The transport protocol of the Alpine Convention has entered into force in Austria, France, Germany, Italy, Liechtenstein and Slovenia, having been ratified by the EU over the summer. The Alpine Convention is an international treaty signed by the eight Alpine countries and the EU, aimed at protecting the Alps. Its transport protocol was agreed in 2000, and has a clause that states: ‘The contracting parties shall refrain from constructing any new large-capacity roads for transalpine transport.’ However, Italy held out against ratification until it was persuaded to sign a year ago, and Switzerland has refused to sign the transport protocol, leaving its legal standing in some doubt.
While all eyes in Brussels are usually focused on three leading actors – the Commission, Parliament and Council – there are several other lesser-known EU institutions playing supporting roles. In the wings we have the EU Court of Auditors, which has repeatedly published scathing – and revealing – reviews on the use of EU funds for transport infrastructure. But will the stars of the EU show listen to their critics before the spotlight is turned on the new transport spending policies?
The EU should not be funding airport projects, or dressing up airport express train links as green "intermodal hubs" says T&E's deputy director Nina Renshaw.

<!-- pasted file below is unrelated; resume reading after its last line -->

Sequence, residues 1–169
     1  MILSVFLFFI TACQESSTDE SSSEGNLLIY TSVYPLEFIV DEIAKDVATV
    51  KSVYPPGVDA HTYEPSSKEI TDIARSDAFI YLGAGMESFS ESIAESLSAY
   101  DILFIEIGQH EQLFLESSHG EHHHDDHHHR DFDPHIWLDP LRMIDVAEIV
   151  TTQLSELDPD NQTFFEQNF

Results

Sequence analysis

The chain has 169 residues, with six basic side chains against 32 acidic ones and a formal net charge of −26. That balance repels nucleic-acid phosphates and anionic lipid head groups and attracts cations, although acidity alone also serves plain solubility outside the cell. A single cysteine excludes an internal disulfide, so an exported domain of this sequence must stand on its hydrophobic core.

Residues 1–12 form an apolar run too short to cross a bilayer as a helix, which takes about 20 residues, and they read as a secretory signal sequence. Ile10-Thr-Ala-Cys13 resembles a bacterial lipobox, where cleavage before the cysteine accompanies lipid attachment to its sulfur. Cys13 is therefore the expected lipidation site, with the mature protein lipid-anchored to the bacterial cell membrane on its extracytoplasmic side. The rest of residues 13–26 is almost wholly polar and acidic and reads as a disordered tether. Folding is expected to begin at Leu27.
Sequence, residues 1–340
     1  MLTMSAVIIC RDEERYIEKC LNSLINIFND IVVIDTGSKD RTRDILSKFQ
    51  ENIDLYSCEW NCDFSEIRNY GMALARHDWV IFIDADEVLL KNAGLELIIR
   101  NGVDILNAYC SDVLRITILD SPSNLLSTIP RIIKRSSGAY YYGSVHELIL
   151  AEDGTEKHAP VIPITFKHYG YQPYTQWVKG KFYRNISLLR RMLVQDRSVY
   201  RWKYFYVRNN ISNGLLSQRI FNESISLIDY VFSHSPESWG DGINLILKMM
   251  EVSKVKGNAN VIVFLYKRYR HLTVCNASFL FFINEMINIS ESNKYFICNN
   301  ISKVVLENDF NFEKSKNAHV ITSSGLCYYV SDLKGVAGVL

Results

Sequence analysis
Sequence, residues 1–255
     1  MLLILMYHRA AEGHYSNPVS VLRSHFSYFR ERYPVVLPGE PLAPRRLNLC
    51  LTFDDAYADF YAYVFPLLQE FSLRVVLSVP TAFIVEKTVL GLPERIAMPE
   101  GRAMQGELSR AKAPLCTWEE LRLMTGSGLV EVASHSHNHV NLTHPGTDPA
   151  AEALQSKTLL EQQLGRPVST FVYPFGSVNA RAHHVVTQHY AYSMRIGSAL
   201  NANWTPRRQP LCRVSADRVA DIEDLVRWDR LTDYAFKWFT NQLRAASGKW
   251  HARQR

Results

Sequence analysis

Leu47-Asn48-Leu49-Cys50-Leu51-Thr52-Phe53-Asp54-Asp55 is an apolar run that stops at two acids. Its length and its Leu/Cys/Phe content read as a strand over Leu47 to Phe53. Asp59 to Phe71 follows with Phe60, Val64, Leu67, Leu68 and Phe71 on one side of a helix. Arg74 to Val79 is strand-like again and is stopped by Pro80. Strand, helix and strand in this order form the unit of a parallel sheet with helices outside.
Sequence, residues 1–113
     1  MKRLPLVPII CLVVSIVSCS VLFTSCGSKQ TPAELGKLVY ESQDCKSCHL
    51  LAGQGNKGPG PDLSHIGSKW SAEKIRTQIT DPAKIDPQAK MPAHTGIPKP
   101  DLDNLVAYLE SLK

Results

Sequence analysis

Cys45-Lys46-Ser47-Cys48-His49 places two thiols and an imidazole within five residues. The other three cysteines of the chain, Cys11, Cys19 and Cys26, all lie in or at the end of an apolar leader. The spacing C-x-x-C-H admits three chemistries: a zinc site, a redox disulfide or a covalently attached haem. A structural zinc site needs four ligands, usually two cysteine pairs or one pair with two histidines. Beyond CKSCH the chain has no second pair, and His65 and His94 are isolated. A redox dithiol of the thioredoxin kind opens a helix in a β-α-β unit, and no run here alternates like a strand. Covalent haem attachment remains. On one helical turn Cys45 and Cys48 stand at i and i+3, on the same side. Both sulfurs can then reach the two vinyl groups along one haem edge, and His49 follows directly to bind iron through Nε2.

This briefing from BirdLife Europe, CEE Bankwatch, Friends of the Earth Europe, T&E and WWF explains how EU transport spending under the Trans-European Transport Networks (TEN-T) and Connecting Europe Facility (CEF) programmes could be made more effective, economically viable and sustainable.A full-length version of this analysis is also available.
EU transport ministers have discussed revisions to the guidelines that govern spending on trans-European transport networks infrastructure projects (TEN-T, soon to be renamed the Connecting Europe Facility), but T&E says concerns remain about how the money will be spent and how the environmental impact of projects co-funded by EU money is accounted for.
T&E has called for the EU to adopt a ‘climate rating’ scheme that would assess all transport infrastructure projects for their contribution to climate change before they are given EU funding. The call comes in the run-up to the review of guidelines for the EU to part-fund transport projects, and has involved T&E commissioning a study that provides the outline of a climate rating system.
To help ensure that transport infrastructure spending contributes to overall transport emissions reduction targets, the EU should adopt a ‘climate rating’ methodology that ensures EU funds are used to stimulate clean and efficient infrastructure. This briefing sums up a CE Delft study aimed at developing the basis for such a methodology.
Portugal has included the last 600 kilometres of motorways in its toll system, which means that all the country’s motorways are now tolled for all vehicles.